Smith, Pastrana stay cool while raising money for Leffler fund

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As Chicago temperatures crept close to 90 degrees on Monday, NASCAR Nationwide Series drivers Regan Smith and Travis Pastrana cooled off in a unique way — and did a good deed in the process.

Making several stops around the Windy City, Smith, who won Saturday’s NNS race at Michigan, and Pastrana sold ice cream bars as part in an event promoting the upcoming July 19-21 Nationwide Series race weekend at Chicagoland Speedway.

At a suggested donation of $1 per, Smith sold traditional ice cream sandwiches, while Pastrana, befitting of his — shall we say, more adventurous — persona, sold “bomb pops” to folks passing by and looking for ways to cool off from the heat and humidity.

When the event was over, the two drivers had sold over $600 worth of ice cream, with Smith edging Pastrana at the finish line, so to speak, outselling his rival by a mere $2 in total proceeds. With a healthy additional donation by Chicagoland Speedway’s R.A.C.E.Foundation, a total of $2,000 was raised to benefit the Charlie Dean Leffler Charity Fund, a trust fund established for the five-year-old son of NASCAR driver Jason Leffler. The elder Leffler was tragically killed in a wreck during a dirt track race last week in New Jersey.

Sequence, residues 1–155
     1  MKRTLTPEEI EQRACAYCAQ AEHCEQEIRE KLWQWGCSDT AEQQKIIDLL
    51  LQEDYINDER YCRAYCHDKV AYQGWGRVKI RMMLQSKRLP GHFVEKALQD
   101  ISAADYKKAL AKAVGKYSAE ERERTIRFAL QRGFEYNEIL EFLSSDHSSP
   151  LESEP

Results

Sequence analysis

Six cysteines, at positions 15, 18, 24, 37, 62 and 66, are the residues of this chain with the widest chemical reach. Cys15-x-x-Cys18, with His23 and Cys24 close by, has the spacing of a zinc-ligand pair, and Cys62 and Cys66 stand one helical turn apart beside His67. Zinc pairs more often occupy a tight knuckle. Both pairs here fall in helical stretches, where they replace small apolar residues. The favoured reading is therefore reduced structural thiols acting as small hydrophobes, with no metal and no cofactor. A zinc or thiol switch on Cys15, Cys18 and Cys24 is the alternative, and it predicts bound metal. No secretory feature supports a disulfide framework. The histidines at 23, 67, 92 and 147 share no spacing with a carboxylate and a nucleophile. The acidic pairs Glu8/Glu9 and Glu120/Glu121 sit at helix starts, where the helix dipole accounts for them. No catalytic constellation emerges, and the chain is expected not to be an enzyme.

“This was my first trip to downtown Chicago and we had a great time out here while raising money for a cause near and dear to our hearts,” said Smith, the current NNS points leader. “I want to thank everyone who came out today to help us raise money. We will see you this July at Chicagoland Speedway.”

Pastrana, an 11-time X-Games gold medalist before making a career switch to the NASCAR world — he’s in his first full season on the Nationwide circuit — couldn’t help getting in a bit of good-natured trash talking about Smith.

“I’ve spent a lot of time in Chicago over the years and it’s always one of my favorite places to be,” Pastrana said. “Regan edged me out there at the end today, although I still think he might have taken some liberties with self-funding. We enjoyed getting to meet everyone and we’re excited to be back here two more times this season (Chicagoland Speedway will also host a second NNS race on the opening weekend of the Chase for the Sprint Cup, Sept. 13-15).”

IndyCar 2017 driver review: Remaining part-time drivers

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MotorSportsTalk wraps up its annual review of the Verizon IndyCar Series drivers that raced in 2017 with the remaining part-time drivers, after the 23 drivers who ran anywhere from six events to the full season.

There were 15 drivers who made four or fewer starts this season. Some overly impressed or drew major headlines in their limited opportunities.

They were, by start count:

  • Sebastian Saavedra (No. 17 Juncos Racing Chevrolet, No. 7 Schmidt Peterson Motorsports Honda, 4)
  • Gabby Chaves (No. 88 Harding Racing Chevrolet, 3)
  • Oriol Servia (No. 16 Rahal Letterman Lanigan Racing Honda, 3)
  • Jack Harvey (No. 50 MSR w/Andretti Autosport Honda, No. 7 Schmidt Peterson Motorsports Honda, 3)
  • Juan Pablo Montoya (No. 22 Team Penske Chevrolet, 2)
  • Zach Veach (No. 21 Ed Carpenter Racing Chevrolet, No. 40 A.J. Foyt Enterprises Chevrolet, 2)
  • Fernando Alonso (No. 29 McLaren Honda Andretti Honda, 1)
  • Pippa Mann (No. 63 Dale Coyne Racing Honda, 1)
  • Jay Howard (No. 77 Team One Cure/SPM Honda, 1)